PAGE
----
In Transit

It must have been in high school biology that I learned the definition of life. Significantly, I have forgotten all the essential attributes except for one: movement. If you want to be a life form, you have to be on the move. If your ambition is to be a crystal, no sweat. You can hang out with the other crystals all you want. Which means you will get taught, as a subject, in Physics and Chemistry. Is that your crowd? You decide. Thing is, if you want to be in the biology textbooks, you’d better shake a leg. Or a pseudopod. Doesn’t matter, something has to move.

Which is the only real explanation for boarding the 8:39 morning northbound. To see my dentist, of all things. San Francisco does not exactly have an exclusive on dentistry. One can tend to teeth quite reliably in Palo Alto. But that has nothing really to do with this trip. I go to San Francisco to be in San Francisco, and to not be in Menlo Park, however briefly. And this particular day’s journey is indeed brief.

I share the wheelchair space northbound on Caltrain, which is somewhat unusual. It is one of my few windows on the larger disability world. What is life like for them, my disabled brethren? I will never know about this one, not precisely, for the young man and I exchange no more than looks. He either cannot speak or does not speak, just stares at me openly. It may be that in the brain-damaged state of cerebral palsy intellectual capacities are quite intact…but speech is difficult or impossible, facial control limited. So it’s hard to say what’s going on. My guess is this kid is all of 24 to 30 years of age. Old enough not to be a kid, that is the thing. Yet he is being taken on a kid outing.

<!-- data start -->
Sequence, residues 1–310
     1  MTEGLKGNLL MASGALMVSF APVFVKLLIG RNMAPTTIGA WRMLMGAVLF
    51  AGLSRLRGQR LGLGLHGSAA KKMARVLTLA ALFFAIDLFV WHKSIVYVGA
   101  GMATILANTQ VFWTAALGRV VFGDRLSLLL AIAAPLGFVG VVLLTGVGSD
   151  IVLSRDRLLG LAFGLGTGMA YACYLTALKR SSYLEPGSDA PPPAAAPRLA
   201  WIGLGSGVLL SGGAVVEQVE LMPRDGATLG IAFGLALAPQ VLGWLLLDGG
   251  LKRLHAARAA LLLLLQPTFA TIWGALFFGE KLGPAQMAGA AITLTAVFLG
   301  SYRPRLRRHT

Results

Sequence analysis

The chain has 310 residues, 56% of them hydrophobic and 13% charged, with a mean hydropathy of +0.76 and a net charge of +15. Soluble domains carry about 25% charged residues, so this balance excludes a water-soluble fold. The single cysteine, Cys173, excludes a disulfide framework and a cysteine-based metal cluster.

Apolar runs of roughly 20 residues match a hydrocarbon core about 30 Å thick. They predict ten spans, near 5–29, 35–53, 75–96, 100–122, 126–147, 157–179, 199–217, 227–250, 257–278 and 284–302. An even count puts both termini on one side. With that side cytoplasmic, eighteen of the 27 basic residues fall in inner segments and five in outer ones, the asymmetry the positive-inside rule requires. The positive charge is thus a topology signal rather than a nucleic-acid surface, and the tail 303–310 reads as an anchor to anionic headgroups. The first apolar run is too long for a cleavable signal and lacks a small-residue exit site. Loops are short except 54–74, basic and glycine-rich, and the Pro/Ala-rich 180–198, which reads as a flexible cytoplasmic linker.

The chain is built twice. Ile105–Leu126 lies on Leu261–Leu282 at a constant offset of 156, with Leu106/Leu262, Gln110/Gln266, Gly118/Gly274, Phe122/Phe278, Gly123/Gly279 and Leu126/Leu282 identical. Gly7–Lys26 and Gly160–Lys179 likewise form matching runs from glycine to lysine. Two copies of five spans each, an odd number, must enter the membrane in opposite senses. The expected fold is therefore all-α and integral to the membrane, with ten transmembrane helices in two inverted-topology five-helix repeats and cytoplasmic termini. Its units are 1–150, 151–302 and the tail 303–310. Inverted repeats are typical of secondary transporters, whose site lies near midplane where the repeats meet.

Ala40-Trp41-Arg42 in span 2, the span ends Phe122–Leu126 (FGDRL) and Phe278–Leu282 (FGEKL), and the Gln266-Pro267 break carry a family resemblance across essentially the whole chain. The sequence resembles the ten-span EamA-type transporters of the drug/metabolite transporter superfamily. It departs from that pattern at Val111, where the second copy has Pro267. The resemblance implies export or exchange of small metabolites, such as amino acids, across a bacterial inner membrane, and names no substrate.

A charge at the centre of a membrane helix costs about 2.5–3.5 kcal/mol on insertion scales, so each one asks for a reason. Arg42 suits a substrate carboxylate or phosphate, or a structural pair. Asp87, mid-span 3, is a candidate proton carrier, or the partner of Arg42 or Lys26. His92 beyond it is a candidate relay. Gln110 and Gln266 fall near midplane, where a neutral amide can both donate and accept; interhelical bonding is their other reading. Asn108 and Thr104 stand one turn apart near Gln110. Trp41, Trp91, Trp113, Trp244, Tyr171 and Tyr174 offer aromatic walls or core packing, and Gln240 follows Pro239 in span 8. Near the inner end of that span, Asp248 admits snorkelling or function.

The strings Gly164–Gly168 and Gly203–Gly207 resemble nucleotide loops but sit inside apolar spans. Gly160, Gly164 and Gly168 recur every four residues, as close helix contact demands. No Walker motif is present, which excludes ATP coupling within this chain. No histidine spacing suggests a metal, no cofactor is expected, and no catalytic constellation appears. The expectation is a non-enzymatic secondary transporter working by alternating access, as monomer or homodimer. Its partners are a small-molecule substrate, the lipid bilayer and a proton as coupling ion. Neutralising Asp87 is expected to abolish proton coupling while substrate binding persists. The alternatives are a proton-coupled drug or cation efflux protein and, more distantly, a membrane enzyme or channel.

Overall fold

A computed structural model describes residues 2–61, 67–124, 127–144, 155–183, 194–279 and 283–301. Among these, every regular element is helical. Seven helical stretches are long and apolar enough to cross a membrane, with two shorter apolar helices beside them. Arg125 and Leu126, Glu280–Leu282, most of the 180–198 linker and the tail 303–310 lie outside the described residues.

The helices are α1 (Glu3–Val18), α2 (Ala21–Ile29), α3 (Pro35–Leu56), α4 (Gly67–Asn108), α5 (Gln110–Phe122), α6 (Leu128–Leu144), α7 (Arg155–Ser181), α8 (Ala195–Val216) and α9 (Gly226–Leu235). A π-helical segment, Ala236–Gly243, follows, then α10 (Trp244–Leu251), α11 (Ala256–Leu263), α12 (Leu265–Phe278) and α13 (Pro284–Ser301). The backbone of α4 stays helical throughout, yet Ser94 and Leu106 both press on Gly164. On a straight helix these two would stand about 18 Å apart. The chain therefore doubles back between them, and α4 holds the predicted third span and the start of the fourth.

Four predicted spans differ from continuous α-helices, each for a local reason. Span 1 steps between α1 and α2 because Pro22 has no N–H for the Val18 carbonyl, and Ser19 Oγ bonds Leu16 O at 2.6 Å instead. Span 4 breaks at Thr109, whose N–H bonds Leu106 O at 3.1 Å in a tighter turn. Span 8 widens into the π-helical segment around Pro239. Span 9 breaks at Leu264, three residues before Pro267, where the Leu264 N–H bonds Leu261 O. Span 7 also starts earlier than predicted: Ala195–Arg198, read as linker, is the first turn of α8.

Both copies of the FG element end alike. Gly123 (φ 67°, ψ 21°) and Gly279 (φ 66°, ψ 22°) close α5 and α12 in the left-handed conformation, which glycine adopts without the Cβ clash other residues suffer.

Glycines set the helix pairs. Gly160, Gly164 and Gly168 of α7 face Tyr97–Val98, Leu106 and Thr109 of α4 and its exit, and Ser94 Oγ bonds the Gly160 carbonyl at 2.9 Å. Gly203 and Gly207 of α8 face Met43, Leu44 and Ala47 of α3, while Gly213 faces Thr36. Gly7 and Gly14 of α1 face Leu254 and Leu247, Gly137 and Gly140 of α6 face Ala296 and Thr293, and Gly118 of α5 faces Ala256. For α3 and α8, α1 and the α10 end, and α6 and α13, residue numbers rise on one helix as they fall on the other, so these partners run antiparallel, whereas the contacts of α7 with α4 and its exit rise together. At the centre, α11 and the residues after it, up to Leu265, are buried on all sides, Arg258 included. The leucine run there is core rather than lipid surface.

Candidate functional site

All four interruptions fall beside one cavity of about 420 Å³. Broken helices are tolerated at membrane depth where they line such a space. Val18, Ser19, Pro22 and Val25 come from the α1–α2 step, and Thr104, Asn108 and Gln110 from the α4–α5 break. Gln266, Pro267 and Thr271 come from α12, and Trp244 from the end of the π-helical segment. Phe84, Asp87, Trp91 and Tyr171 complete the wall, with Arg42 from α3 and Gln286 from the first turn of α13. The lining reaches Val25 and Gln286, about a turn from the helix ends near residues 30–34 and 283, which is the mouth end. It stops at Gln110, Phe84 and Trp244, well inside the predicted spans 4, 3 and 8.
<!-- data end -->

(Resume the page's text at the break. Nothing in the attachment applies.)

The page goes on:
I learn this when I am off my train, and on to the next, the Municipal Railway tram that rumbles toward my dentist’s office. The young man’s caregiver or caretaker asks him what he thinks of this train. Did he like the other one more? The young man, now on the tram, does not answer. His wrists are bent into a spastic deformity that I share, actually. He rests his chin on one hand and stares at me. He knows I am in a wheelchair. Knows I am a landsman. So we smile and nod.

At least I had the sense to board this tram. The San Francisco transit shelters sport digital signs indicating when the next bus or tram is destined to arrive. I think of my cousin Caroline in such moments, her British voice full of disbelief at my naïveté. But I can’t help it. I think the world should be an orderly and logical place, or that it is trying to be. So when the digital sign indicates that the next trams will arrive in seven minutes and thirteen minutes, respectively, I feel enormous pressure to make a choice. Because there is this tram stop in the center of King Street and the other in the center of Fourth Street…seven minutes to wait here and 13 there. But I don’t buy it. King Street is closer, whatever happens will happen. And having made this cosmic choice, damned if a tram doesn’t role in two minutes later. Which both pleases and disturbs me. For the whole system is supposed to be running on GPS data, and this just can’t be. Never mind. Soon the San Francisco waterfront is rumbling by, the great work of America’s Great Depression standing proud and steely and industrial, the Bay Bridge. And the wharves and the ships and the Bay itself.